It can. Adderall is a common prescription medication that's a mix of amphetamine and dextroamphetamine and is considered a stimulant helpful in the treatment of ADHD and similar conditions. It causes mydriasis, where the iris muscles relax and dilate the pupils.

How Should I Confront Someone About Suspected Drug Use?

If someone you love is using drugs, it can be challenging to know how to talk to them about it. Many people who misuse drugs are ashamed or feel guilty about doing so and, therefore, are likely to change the topic or lash out when it comes up in conversation. Still, confronting them can save their life and give them a chance to get the support they need — even if they don't recognize it themselves. If you're planning on talking to someone about their drug use, try to:

  • Stay calm: Talking about drug misuse can be an emotional conversation for anyone, especially the person being confronted. Responding with your own emotions can escalate the situation and turn it into an argument or something worse. Staying calm makes it less likely your loved one will feel attacked and allows you to better listen to their own concerns and story. Understanding is the first step to starting this healing journey together.
  • Have a plan: Before entering the conversation, come up with what you want to say and practice it. You can even write it down so you remember everything. This can help you keep calm and on track if things do escalate. You may also want to consider how your loved one is likely to react and come up with a few ways to adjust.
  • Bring a support system: With your help, this person won't have to navigate their addiction alone. But remember that helping them through this is not on you alone. You both need a community that can help you through this time, and you can show that network to them from the very beginning. If you're nervous about approaching them alone, connect with other people who care about them and see if they're willing to assist you in this situation. You can also reach out to a professional to have an unbiased party who can help you through this emotional situation.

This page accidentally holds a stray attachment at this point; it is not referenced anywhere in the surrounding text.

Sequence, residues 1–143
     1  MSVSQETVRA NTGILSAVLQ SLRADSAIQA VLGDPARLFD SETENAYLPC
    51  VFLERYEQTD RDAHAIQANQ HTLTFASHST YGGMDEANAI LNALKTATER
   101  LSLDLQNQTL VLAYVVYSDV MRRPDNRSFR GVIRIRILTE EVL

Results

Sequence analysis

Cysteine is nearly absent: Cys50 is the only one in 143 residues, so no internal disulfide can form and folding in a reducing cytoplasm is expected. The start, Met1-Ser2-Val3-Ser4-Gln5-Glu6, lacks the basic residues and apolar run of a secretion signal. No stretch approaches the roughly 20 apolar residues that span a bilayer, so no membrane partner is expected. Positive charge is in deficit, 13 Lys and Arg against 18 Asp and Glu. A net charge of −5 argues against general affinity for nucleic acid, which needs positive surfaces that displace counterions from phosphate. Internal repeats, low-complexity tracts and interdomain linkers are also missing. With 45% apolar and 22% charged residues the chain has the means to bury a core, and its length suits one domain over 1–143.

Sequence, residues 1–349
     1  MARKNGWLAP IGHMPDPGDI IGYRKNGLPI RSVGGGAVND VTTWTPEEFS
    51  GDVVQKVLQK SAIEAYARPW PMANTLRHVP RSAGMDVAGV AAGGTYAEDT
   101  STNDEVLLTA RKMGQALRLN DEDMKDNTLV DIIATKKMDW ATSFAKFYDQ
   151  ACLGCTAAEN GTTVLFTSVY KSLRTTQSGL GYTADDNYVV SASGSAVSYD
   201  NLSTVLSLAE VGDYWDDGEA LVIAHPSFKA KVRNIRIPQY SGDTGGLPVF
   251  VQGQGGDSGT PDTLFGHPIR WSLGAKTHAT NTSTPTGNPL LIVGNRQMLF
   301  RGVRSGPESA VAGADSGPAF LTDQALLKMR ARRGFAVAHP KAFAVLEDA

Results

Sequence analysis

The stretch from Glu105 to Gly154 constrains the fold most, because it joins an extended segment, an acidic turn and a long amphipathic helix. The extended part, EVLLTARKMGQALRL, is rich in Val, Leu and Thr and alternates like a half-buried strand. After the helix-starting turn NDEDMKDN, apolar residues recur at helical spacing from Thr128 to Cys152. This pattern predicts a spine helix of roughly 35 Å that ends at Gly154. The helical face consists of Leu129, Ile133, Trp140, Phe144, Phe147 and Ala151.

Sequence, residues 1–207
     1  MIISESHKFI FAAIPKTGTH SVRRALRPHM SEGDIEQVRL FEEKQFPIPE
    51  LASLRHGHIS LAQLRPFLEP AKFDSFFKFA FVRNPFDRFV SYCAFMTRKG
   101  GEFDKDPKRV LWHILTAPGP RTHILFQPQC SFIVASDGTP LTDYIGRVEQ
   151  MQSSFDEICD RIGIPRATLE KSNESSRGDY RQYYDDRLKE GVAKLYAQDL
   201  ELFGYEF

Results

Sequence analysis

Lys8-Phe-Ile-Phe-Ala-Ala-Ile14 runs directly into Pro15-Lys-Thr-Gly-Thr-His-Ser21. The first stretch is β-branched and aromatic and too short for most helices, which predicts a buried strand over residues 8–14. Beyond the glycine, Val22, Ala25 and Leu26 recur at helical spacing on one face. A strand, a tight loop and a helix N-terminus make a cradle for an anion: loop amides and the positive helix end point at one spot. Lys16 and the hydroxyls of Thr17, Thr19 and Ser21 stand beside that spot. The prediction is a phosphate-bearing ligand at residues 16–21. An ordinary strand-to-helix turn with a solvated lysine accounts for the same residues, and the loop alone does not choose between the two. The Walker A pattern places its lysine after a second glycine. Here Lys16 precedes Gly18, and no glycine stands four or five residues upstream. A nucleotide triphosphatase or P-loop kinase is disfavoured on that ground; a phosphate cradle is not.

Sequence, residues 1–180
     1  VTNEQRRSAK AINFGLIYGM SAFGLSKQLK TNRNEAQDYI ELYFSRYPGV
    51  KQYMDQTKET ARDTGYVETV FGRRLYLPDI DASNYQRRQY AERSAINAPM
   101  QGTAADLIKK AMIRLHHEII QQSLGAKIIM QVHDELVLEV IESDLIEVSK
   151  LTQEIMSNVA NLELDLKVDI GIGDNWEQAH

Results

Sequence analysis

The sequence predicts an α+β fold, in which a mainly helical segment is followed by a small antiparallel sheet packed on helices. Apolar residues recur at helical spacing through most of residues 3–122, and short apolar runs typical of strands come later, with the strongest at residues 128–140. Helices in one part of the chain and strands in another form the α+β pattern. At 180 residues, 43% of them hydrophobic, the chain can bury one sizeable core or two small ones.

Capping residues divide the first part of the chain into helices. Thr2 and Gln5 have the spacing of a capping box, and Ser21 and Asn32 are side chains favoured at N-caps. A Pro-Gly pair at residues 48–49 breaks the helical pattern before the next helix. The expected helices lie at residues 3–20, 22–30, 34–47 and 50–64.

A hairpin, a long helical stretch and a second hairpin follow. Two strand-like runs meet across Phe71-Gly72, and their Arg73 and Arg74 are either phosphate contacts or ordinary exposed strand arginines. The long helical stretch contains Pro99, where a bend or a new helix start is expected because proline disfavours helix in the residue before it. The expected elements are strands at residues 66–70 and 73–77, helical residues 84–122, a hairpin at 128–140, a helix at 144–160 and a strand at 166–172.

Treatment Options for Addiction

Dilated or constricted pupils are often minor and lesser-noticed symptoms compared to other signs of substance use. Addiction can bring with it lifelong struggles that persist long after a person stops using substances, but the likelihood and severity of these issues can lessen the sooner you or your loved one finds treatment.

Diamond House Detox is a rehab facility in Sacramento, CA, that specializes in inpatient treatment, outpatient services, detoxing from drugs and dual diagnosis care. Our medical staff knows how to work with you on your addiction and find a path to recovery that works for your specific situation.

How We Treat Addiction

Addiction is a complex and ever-changing field, and our treatment options reflect that. Each client who comes to us for treatment gets their own personalized treatment plan with input from our therapists and psychiatric professionals. We welcome our clients and those who love them to learn as much as possible about every step of our process to enhance understanding and encourage collaboration. Recovery is a long path, but walking it with a strong support network makes it much easier to navigate.